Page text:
Aging is nothing to be afraid of. This isn’t rocket science or brain surgery.
Me…I’ll be 59 in a couple of weeks. Can I do anything I could at age 30? Yes, I can. I pretty much feel like I did at around 30…or at least that is my perception.
I. Zabala, MBA
Los Angeles, CA
How the years pass you by is up to you!
In my late teens I considered anyone over 35 as being old. By the time I reached 35, I had changed “old” to those over 55. And now at 55 the word “old” is non-existent to me.
I now preach with high conviction the old adage of “you are only as old as you feel!” There are fountains of youth everywhere that we can tap into that will help us stay looking younger than our years.
No, I’m not talking about magic potions or cosmetic surgery, although the latter is an option. What I’m talking about is healthy and fun living choices. Eating right, exercising, constantly learning new things and, of course, “cougarism” are my favorite fountains. Now that labels include ingredients and organically grown food is available, there is no reason why we should not eat right. And with low-cost gyms, an array of hiking trails, and local Zumba classes, we have no excuse for inactivity.
To keep our brain young we have choices from low-challenging to high-challenging classes such as pottery or leaning a new language. And why not date younger men? So rather than worrying about the years passing by and old age creeping in, just use every minute of those years to stay healthy and have fun! Wouldn’t you rather say your real age and hear, “Wow! You look 15 years younger that!” rather than hiding your age and hearing, “Wow! You’ve lived a hard life!”
Lee Kalpin, RMT
Holland Landing, Ontario, Canada.
Several decades ago, my mother told me that she was shocked when she looked in a mirror and saw an old lady looking back at her.
Now that old lady is looking at me, out of my mirror. She has white in her hair, lines on her face, and her body is not the trim, fit body I was used to seeing. But the eyes are the same – that is still ME looking out of those green eyes and the person behind the eyes is the same person.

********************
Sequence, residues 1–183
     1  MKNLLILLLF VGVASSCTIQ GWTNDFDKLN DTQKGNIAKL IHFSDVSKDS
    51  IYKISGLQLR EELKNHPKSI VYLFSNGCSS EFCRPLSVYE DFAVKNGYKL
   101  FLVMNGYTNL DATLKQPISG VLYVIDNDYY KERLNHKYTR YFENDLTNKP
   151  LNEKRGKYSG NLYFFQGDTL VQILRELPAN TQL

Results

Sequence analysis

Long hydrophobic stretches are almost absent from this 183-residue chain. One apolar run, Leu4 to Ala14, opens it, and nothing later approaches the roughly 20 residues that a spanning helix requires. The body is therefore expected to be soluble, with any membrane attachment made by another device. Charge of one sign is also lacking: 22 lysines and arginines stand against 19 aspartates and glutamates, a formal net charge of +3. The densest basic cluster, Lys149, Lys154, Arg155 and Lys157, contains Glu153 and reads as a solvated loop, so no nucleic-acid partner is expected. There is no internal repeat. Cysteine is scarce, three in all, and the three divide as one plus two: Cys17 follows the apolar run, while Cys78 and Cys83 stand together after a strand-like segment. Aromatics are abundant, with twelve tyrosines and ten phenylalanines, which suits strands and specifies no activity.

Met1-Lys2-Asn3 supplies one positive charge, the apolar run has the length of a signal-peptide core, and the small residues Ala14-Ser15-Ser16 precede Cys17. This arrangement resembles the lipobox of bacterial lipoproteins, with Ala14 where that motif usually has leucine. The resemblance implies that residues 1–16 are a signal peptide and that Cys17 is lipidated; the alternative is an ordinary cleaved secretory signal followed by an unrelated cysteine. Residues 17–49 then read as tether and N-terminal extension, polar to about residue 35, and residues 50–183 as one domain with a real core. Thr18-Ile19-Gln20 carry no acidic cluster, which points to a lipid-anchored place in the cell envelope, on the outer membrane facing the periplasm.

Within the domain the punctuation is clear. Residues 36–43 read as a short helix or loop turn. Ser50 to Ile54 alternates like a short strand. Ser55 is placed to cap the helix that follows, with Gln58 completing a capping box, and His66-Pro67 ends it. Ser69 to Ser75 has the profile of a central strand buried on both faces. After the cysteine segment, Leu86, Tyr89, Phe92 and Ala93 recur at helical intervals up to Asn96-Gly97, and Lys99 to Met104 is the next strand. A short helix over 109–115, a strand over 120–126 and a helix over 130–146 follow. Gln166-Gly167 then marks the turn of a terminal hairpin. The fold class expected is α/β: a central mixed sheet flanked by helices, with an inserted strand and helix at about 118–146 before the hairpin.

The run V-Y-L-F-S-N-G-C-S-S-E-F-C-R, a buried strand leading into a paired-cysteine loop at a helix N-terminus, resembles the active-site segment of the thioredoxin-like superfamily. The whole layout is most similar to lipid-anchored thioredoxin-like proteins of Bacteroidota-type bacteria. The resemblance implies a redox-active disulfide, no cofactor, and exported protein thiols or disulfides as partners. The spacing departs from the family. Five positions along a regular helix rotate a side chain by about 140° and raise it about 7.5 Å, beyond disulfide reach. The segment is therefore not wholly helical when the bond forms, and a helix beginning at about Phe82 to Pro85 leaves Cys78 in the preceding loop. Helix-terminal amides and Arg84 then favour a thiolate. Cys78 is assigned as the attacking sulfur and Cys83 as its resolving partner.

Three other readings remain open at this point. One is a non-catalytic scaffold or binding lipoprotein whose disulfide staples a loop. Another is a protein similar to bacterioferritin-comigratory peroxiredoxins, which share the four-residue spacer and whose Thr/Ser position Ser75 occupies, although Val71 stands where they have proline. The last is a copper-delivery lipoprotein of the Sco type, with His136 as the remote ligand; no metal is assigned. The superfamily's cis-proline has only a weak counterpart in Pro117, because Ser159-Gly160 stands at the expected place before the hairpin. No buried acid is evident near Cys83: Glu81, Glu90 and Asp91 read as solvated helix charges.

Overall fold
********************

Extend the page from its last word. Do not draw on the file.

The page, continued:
Others may see an old lady, but I don’t identify with that. In my mind and my heart, I am still the same person, and that’s what younger people don’t realize—they may see a “little old lady” but that’s not who I am.
Some aspects of my life have changed, as they do for all of us. I can’t physically do all the things I used to do, or at least, I can’t do them as quickly or as well.
I can still climb six flights of stairs up to my theatre seats in the top balcony but I have to stop and catch my breath along the way. I still enjoy yoga classes every week but can no longer do headstands or the full lotus.
So, what is aging about for me? Life represents continual change, from the time we are children to the time we die. Change is normal, and not something to be afraid of.
The media advertises products to “reverse the aging process” in various ways, and that is a fear-based strategy. They try to make people afraid of the changes they will experience as they age, so that they can sell products or procedures.
I believe it’s important to enjoy and celebrate our lives, every step of the way.
By the way, I am 74 and still work full-time as a massage therapist and teacher.
I do not see myself stop doing what I loved to do in my twenties, but I am extra careful about doing them. I can still see myself leaping, spinning, and doing the six-step at parties in my 40s and maybe 50s. Aging is not something that needs to be feared, shunned, or “reversed.” There is no need to feel vulnerable, insecure, or helpless about who you are. The next you see an ad on TV, a Facebook invitation, or an email that promotes aging as something that needs to be fought against or “reversed,” ignore it.
A native of San Diego for nearly 40 years, Nick Ng is an editor of Massage & Fitness Magazine, an online publication for manual therapists and the public who want to explore the science behind touch, pain, and exercise, and how to apply that in their hands-on practice or daily lives.
An alumni from San Diego State University with a B.A. in Graphic Communications, Nick also completed his massage therapy training at International Professional School of Bodywork in San Diego in 2014.
When he is not writing or reading, you would likely find him weightlifting at the gym, salsa dancing, or exploring new areas to walk and eat around Southern California.